Aircastle’s results overshadowed by Avianca Brazil concerns

Aircastle’s results overshadowed by Avianca Brazil concerns

Aircastle’s mostly positive results for the full year 2018 were overshadowed by the ongoing concerns for the fate of the lessor’s aircraft operated by Avianca Brazil. The carrier has refused to return 10 A320 family aircraft despite Aircastle’s repeated attempts to repossess them following an extended—albeit unspecified—period of non-payment of lease rents. Earlier in the year, a Brazilian judge extended the stay on repossession until mid-April, in what is shaping up to be an unexpected test of the willingness of the country’s bankruptcy courts to comply with provisions of the Cape Town Convention, to which Brazil is a signatory.

Despite the negative impact of the Avianca Brazil situation on lease rental yields and net interest spread, Aircastle posted improvement across many headline metrics. The lessor’s asset base grew by ca. 10% as the book value of fleet increased on the back of fleet expansion (248 owned aircraft at year-end 2018 versus 224 the year prior). Lease rents for FY2018 remained largely static, reflecting loss of revenue from Avianca Brazil, while total revenues went up by 4.53% as the lessor recognized $93 million in maintenance revenue from the early termination of the Avianca Brazil aircraft. Net interest margin inched down to 7.8%, below Aircastle’s target and long-time average of 8%. The capital structure remained conservative and in line with historically low leverage (2.3x vs 2.2x the year prior) and large proportion of unsecured debt (83% vs 80%).

Aircastle’s trading activity in 2018 was somewhat subdued in comparison with 2017. The lessor continued to take advantage of the favourable trading environment, selling 14 aircraft during 2018 with an average age of 11 years, and generated $36.8 gain on sale, equivalent to a ca. 11% premium. However, both the volume and gains on sale were lower in absolute terms than the year prior—14 sales vs 37 sales as at year end 2017. Aircastle’s acquisition volumes were also lower—39 aircraft vs 68 in 2017. All purchases were narrowbodies, in line with the lessor’s de-risking strategy in recent years, bringing the total share of narrowbodies in the fleet to 72%. Fleet utilization dipped in Q4 to 97% due to the Avianca Brazil events, below the 99.6% average for the year. The lessor expects utilization to rebound as soon as the Avianca Brazil aircraft are retrieved and placed on replacement leases.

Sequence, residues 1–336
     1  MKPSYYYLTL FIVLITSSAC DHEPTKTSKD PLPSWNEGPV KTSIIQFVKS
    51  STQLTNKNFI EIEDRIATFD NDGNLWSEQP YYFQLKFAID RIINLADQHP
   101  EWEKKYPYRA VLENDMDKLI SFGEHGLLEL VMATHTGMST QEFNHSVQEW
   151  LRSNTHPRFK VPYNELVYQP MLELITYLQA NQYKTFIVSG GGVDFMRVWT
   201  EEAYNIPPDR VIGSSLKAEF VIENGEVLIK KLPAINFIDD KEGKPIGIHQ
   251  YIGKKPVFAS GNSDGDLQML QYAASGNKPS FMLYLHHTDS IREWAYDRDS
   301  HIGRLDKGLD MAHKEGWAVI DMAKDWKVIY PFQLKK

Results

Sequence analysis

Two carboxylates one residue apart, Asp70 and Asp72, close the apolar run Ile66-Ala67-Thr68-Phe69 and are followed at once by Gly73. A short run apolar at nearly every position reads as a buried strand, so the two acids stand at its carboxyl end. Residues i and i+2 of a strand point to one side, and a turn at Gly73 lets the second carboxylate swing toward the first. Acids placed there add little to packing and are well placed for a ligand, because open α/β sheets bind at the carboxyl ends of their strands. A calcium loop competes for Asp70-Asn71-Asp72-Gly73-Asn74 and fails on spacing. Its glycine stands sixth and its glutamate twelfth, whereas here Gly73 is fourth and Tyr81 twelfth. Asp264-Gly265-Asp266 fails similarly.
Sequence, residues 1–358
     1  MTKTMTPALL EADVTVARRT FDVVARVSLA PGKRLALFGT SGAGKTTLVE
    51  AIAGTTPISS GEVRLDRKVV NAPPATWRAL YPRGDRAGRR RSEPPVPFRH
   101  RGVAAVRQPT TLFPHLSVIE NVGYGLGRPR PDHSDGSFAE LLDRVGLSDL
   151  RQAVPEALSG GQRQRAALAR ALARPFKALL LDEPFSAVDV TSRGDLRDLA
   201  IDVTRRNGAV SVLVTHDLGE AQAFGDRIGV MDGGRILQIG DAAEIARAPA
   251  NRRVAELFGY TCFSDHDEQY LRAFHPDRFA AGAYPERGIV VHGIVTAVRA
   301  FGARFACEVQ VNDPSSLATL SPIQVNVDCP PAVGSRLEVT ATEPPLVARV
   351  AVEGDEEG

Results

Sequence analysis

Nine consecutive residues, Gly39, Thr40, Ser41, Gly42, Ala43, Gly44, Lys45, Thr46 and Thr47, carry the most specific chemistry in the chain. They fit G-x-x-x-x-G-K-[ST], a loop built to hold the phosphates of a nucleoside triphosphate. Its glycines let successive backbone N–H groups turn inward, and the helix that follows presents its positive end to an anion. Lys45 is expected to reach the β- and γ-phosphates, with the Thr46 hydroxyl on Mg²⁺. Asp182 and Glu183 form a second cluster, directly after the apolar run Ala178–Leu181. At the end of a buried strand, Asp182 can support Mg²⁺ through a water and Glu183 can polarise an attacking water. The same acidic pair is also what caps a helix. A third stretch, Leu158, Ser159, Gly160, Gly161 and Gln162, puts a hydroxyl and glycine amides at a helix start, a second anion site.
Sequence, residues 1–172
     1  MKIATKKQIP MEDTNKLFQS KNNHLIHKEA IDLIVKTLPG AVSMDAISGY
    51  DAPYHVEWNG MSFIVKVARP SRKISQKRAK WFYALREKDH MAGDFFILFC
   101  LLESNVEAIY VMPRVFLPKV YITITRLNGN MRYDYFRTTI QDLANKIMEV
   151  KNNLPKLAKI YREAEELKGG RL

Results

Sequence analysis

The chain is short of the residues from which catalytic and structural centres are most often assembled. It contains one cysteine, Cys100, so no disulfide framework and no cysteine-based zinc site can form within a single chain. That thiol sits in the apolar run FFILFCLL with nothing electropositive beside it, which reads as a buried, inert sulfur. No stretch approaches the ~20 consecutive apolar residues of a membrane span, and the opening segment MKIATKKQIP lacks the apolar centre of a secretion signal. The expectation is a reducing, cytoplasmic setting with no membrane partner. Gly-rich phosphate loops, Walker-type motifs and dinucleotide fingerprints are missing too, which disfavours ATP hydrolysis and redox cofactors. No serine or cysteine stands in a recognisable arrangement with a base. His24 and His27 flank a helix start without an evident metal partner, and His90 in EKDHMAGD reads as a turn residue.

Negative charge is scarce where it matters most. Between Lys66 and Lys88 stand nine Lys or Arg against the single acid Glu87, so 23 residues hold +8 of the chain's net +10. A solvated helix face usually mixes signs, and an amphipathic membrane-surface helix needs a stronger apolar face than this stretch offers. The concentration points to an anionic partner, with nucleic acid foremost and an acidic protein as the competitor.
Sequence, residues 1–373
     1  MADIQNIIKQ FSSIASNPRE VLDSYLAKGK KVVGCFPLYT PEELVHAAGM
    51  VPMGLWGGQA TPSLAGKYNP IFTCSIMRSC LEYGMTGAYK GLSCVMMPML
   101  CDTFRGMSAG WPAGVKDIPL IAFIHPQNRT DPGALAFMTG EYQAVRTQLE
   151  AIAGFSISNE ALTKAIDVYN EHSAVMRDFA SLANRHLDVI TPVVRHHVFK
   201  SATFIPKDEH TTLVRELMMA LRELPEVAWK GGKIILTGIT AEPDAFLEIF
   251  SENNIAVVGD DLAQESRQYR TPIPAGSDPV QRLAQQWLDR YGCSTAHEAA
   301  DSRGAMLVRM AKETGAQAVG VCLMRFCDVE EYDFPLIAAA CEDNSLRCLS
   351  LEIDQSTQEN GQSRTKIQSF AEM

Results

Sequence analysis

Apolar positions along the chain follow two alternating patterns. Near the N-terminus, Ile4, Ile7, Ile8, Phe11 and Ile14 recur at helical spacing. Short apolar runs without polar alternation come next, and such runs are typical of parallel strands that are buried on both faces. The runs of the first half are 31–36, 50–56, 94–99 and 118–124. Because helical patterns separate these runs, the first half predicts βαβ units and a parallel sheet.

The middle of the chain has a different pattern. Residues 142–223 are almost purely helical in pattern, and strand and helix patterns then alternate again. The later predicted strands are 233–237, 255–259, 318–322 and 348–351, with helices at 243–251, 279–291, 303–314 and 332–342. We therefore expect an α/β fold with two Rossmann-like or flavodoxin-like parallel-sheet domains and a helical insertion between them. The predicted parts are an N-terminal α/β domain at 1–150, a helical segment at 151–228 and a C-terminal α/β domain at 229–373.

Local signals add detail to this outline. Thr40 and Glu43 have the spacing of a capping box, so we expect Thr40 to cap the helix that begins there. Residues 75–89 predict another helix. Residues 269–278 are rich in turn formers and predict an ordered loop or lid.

Source: Ishka calculations and SEC Fillings

In order to maintain consistency across all our lessor reports, we base our analysis on a standard financial template. As such, some numbers may vary from the lessor reported figures. E.g. we include gain/(loss) on aircraft sales in total revenues. To know more about our methodology, get in touch at [email protected] or ask the analyst.

The Ishka View

Before the bankruptcy court’s ruling, BOC Aviation was able to repossess two A320-200neos (MSN 8086 and 7918), Infinity Transportation one A320-200ceo (MSN 6651) and Aircastle one A330-200 (MSN 1492) leased to Avianca Brazil. That left Aircastle and GECAS—another lessor with 8 aircraft in Avianca Brazil’s fleet—to continue the legal battle for the release of their respective assets. Observers and legal experts have expressed surprise at the course of the proceedings, noting that Brazilian courts have generally been consistent in enforcing creditor rights in bankruptcy scenarios.

On February 19, a local court lifted the stay on repossessions, but Avianca Brazil might still appeal the latest ruling to a higher court. It is unclear how long it may take for the judicial process to play out, but it appears likely that the courts will ultimately side with the lessors and rule to enforce the application of the Cape Town Convention. Once Aircastle succeeds in removing its aircraft from Brazil, they should be able to remarket them immediately given the market interest in A320s, although the lease rates should be expected to be lower than those originally paid by Avianca Brazil.

In finance, uncertainty, as always, is equivalent to risk, so the Avianca Brazil situation—whenever and however it gets resolved—will very likely create a knock-on effect on future pricing for other Brazilian carriers with leased fleets. 

Ishka Dublin

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